This weekend I pulled the coilovers off my MKI (custom setup using standard MKII Koni Yellows) and ran them on my shock dyno. More details on that here:https://www.mr2oc.com/showthread.php?t=570297
First, the rear:
The "Optimal" curves are for the rear of an MR2 (roughly 750lb per corner) with 400lb springs, and were generated using the equations found here: http://www.optimumg.com/docs/Springs...Tech_Tip_4.pdf
, with a damping ratio of .65 and a high/low split point of 3in/s.
As you can see the compression damping lines up nearly perfectly for this spring rate, and rebound matches up reasonably well depending on adjustments.
However, this begs the question, if the compression damping is "perfect" for 400lb springs, what about those running Konis on stock springs? Two things. One, in a "compromise" situation like with soft stock sprigns extra damping can, in a sense, be substituted for spring rate. It won't change the max roll angle achieved in a steady state situation, but it will make it take longer to achieve that roll angle, and so in transitions it will feel stiffer. Two, it isn't all that far off. With 210lb stock and a damping ratio of 1 (critically damped) instead of .65, it lines up pretty much perfectly.
As with the Race inserts that I dynoed a couple of weeks ago, there is very little cross talk from the rebound adjuster into compression. A very slight amount at full rebound, but in their defense, I never actually tried
the race shocks at full rebound. They may well have done the same.
The first half turn of adjustment does very little, especially at low speeds, but beyond that the adjustments are useable. And very repeatable. I went back and re-tested a few of the settings and the data points were matching up pretty much exactly.
One thought I have on these is that they seem to be lacking in low speed rebound damping, and until you get to pretty much full stiff they are quite linear in rebound, instead of the generally preferred digressive shape. However, these struts are about 6 years old, and have been through quite a lot over the years, so it is possible that they aren't a 100% accurate representation of a brand new shock.
In terms of max spring rate, using this particular theory for "optimal" damping the rears should handle 500lb springs pretty well, but above that is really pushing it.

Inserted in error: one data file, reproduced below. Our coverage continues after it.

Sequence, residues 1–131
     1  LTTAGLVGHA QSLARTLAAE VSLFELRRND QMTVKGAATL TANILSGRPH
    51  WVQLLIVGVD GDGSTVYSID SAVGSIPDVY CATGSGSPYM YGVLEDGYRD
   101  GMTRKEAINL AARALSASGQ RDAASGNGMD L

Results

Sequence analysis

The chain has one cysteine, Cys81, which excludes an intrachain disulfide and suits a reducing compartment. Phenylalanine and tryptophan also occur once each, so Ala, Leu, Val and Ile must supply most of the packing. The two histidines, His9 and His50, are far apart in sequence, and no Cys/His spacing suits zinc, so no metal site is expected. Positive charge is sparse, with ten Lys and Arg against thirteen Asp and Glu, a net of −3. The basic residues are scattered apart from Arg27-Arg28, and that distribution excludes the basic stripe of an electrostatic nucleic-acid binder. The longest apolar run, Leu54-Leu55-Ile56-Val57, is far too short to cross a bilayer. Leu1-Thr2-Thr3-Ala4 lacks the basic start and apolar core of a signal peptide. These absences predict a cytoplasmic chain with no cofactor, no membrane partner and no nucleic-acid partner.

Here's the comparison of the two rear struts at three different adjustment points. Very close at full soft and 1 turn, a bit further off at higher rebound. And one is a bit softer than the other on the bump side. Shock that I posted above is shock "#2" in this graph. To get these to match up to my optimal curve, the adjustment is about 1/4 turn different.
One of the fronts:
The optimal curve is for the front (about 500lb per corner), with 300lb springs, and the same damping characteristics as the other graphs.
My first thought on the fronts is that I like the shape
of the rebound curve a little better than the rears. More low speed rebound, making it more digressive. However, I don't know nearly enough on the subject to speculate as to why Koni would have chosen to valve the rears like they did, assuming it was in fact a decision and not just "how they are".
The adjustments are nice and consistent, and even full stiff is not ridiculous. Max spring rate on the rebound side appears to be about 400lb. Interestingly, the compression damping matches up with about an 800lb spring. Apparently Koni valves their Sport shocks with significantly more compression damping than the formulas I am using would suggest is appropriate.
Unfortunately, I discovered that one of my fronts is non-functional and needs to be replaced, so I wasn't able to get a comparison for the fronts. However, once I get a replacement I will be able to dyno a brand new front strut, which should be a worthwhile data point on it's own.
Downloadable calculators with this data are on my website, so you can plug your spring rates in and see exactly where they overlay on the shock force plots
Bottom of the page: https://wilhelmraceworks.com/koni-shock-dynos